The Influence of the Cultural, Legal, Economic and Financial

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【T:】Edianserver/関西学院/経営戦略研究/第号/ Gustavo Tanaka

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The Influence of the Cultural, Legal, Economic and Financial, Historical and Political Factors on the Accounting System: Peruvian Case Gustavo Tanaka Ⅰ

Introduction

Accounting, the language of business, is used for many decision makers around the planet. In a globalized business environment, it is expected the existence of a uniform, single accounting system, however this does not occur. “Accounting system” is the set of financial reporting practices used by a particular company for an annual report (Nobes, 2012). Different companies in the same country may use different accounting systems. For example, some Japanese companies follow Japanese GAAPs while others IFRS or US-GAAP. Moreover, some European countries prepare consolidated financial statements using IFRS whereas parent‒only financial statements are issued using national rules. Countries have different sets of accounting standards and a diversity of cultural, legal, economic and financial, historical and political factors may influence in the type of accounting system a country has. In the Peruvian case, accounting standards would depend on the type of company. Table 1 shows the accounting standards followed by companies in Peru. Table 1

Accounting standards followed by companies in Peru Institution which sets the Accounting Standards

Accounting Standards

Financial companies Non-financial listed companies Some big private companies

SBS IASB CNC

SBS specific accounting rules IFRS IFRS approved by the CNC

Small and medium sized private companies

CNC

IFRS for SMEs

Type of Companies

If the company is a financial one, accounting rules are determined by the Superintendent of Banking, Insurance and Private Fund Managers Pensions (SBS-Superintendencia de Banca, Seguros y AFP in Spanish). However, if there are no rules set by the SBS, companies must first apply IFRS. If there is no IFRS, US GAAPs must be used. It is important to mention that‒in general‒the rules set by SBS are more conservative than those from IFRS, which are reflected in a lower equity amount. For non‒financial companies there is another classification : non‒listed (private) and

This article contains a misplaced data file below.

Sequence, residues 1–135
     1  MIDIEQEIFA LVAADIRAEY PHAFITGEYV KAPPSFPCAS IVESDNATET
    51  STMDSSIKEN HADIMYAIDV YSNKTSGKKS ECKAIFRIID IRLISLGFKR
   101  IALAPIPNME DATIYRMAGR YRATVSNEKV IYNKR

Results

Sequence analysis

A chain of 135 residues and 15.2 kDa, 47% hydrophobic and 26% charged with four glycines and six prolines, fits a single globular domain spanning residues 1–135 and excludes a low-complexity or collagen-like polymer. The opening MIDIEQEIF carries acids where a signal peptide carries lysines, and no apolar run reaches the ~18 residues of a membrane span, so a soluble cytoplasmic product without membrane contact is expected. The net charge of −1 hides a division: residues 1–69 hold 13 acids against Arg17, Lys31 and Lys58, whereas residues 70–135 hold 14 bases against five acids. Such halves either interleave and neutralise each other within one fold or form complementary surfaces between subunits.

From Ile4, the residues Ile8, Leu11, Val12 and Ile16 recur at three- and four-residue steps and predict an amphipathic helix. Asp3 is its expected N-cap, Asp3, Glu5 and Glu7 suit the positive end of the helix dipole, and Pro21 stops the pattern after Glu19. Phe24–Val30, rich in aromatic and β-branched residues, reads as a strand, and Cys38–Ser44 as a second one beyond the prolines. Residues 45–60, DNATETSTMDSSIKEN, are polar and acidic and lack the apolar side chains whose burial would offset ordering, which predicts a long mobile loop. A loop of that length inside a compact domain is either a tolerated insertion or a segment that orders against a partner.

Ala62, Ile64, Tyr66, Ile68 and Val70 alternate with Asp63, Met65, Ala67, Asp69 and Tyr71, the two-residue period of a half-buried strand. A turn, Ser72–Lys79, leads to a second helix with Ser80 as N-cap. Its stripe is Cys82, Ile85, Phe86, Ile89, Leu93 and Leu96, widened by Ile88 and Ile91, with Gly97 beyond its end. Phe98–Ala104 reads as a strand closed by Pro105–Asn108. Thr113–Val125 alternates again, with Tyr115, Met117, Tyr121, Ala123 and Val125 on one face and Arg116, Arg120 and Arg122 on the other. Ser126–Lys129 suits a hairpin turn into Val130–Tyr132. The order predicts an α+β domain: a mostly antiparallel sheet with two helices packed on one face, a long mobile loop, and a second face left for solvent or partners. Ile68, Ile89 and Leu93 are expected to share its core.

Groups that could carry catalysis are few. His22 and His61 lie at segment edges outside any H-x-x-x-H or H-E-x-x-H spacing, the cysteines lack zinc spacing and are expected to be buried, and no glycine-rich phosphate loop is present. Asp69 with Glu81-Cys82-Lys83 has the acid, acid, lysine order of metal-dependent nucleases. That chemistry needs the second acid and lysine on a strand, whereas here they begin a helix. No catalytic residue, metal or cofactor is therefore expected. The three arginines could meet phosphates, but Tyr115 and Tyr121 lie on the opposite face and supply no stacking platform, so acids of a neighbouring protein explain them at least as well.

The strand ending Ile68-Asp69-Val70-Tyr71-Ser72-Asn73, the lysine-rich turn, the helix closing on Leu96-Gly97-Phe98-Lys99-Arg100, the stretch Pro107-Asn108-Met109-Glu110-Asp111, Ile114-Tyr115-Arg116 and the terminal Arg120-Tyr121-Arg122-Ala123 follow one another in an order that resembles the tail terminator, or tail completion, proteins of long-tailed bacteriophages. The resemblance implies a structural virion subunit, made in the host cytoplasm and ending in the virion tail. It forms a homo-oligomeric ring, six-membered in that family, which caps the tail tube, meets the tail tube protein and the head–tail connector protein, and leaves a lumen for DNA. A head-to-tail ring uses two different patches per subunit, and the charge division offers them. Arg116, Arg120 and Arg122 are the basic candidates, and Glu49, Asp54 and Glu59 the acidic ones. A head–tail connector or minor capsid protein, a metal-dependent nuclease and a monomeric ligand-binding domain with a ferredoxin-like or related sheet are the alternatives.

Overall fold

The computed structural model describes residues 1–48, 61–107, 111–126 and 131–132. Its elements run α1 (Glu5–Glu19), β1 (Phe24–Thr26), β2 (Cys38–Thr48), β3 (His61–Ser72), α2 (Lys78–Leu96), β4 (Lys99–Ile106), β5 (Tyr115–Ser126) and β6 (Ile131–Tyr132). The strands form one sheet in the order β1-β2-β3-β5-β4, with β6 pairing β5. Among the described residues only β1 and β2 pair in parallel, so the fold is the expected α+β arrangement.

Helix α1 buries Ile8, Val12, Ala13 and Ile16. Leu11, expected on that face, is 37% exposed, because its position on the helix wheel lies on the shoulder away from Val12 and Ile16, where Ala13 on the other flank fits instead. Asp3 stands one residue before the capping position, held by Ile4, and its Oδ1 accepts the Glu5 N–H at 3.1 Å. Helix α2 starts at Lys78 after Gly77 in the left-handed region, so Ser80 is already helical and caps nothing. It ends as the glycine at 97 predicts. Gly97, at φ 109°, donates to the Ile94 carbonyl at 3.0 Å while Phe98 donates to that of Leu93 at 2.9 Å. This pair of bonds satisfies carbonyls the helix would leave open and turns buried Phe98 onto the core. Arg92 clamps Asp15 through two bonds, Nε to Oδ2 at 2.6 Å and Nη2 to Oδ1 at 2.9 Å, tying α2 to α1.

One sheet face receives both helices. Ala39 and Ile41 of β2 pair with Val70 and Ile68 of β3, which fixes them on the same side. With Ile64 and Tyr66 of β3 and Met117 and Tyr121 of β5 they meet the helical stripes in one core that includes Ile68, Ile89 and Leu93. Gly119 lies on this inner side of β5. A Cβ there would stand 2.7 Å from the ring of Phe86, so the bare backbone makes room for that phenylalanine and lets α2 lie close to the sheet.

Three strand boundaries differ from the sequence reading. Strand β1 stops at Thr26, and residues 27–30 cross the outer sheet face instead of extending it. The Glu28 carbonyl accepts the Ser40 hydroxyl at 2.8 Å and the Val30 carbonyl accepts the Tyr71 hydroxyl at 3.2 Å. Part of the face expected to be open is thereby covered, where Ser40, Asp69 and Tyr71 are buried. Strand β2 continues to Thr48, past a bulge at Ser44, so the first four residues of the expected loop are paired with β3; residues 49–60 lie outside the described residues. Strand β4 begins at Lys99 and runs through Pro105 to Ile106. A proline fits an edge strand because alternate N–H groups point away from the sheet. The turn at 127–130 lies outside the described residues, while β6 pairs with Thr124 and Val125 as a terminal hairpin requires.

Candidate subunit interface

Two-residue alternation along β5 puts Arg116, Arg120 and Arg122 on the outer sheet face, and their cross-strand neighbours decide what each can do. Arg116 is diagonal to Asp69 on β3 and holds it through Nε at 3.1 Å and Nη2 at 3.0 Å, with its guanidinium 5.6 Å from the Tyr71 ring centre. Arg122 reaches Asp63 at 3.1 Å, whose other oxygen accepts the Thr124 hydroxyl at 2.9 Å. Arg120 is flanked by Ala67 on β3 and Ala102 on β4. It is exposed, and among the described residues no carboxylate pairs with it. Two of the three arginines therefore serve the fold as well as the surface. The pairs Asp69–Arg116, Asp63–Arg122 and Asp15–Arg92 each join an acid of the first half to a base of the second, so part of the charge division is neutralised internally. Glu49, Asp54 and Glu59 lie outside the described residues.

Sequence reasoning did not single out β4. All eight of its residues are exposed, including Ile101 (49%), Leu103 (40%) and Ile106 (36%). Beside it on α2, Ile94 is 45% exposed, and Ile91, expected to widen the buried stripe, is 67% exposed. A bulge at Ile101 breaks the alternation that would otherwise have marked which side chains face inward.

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listed (public) companies. Public companies (those which trade their securities in the stock market) are under the supervision of the SMV (Superintendencia del Mercado de Valores, in Spanish‒Superintendence of the Exchange Market former CONASEV ‒National Supervisory Commission for Companies and Securities‒) and must apply IFRS. Private companies, on the other hand, must implement the rules set by the Peruvian Accounting Standard Board (CNC-Consejo Normativo de Contabilidad in Spanish). The CNC decides which IFRS must be applied by private companies. Therefore, the difference between private and public companies is that for public companies all the IFRS are mandatory and for private companies only those approved by the CNC. If no IFRS exists, the CNC can decide to implement one US GAAP. Finally, in the case of small and medium sized private companies the CNC has mandated the application of IFRS for SMEs. However, it is very important to mention that according to several authors Tanaka (2013) and Diaz (2010), private companies in Peru do not fully apply the IFRS (even those approved by the CNC). According to his research Diaz (2010) states (in Spanish) : “Even though the process of adoption of IFRS has its origins in the 1980ʼs, the result of this research shows some evidences that the level of implementation of IFRS does not have a direct correlation with the time passed since the IFRSs were approved and only few companies actually implement the IFRS as they were ruled by the CNC. After reviewing the above classifications the following questions arise : Why Peru has adopted different accounting standards based on the type of company ? Does this happen in other countries or is it a unique situation in Peruvian accounting rules ? There are different explanations for this complexity in accounting rules and they will be reviewed in the next paragraphs. For a better understanding of those explanations, first of all, diverse classifications of international accounting systems are presented. Classification should sharpen description and analysis. It should reveal underlying structures and enable prediction of the properties of an element based on its place in a classification (Nobes, 2012). However, not all the classifications of the accounting systems will be reviewed. For example, Hatfield (1911) classification wonʼt be reviewed since it focuses on France, Germany, England and the U. S. Hatfieldʼs work in 1911 is arguably one of the oldest studies of accounting classifications (Nobes, 2011) Consequently, in this paper the influence of the cultural, legal, economic and financial and political factors on the accounting systems in Peru are discussed.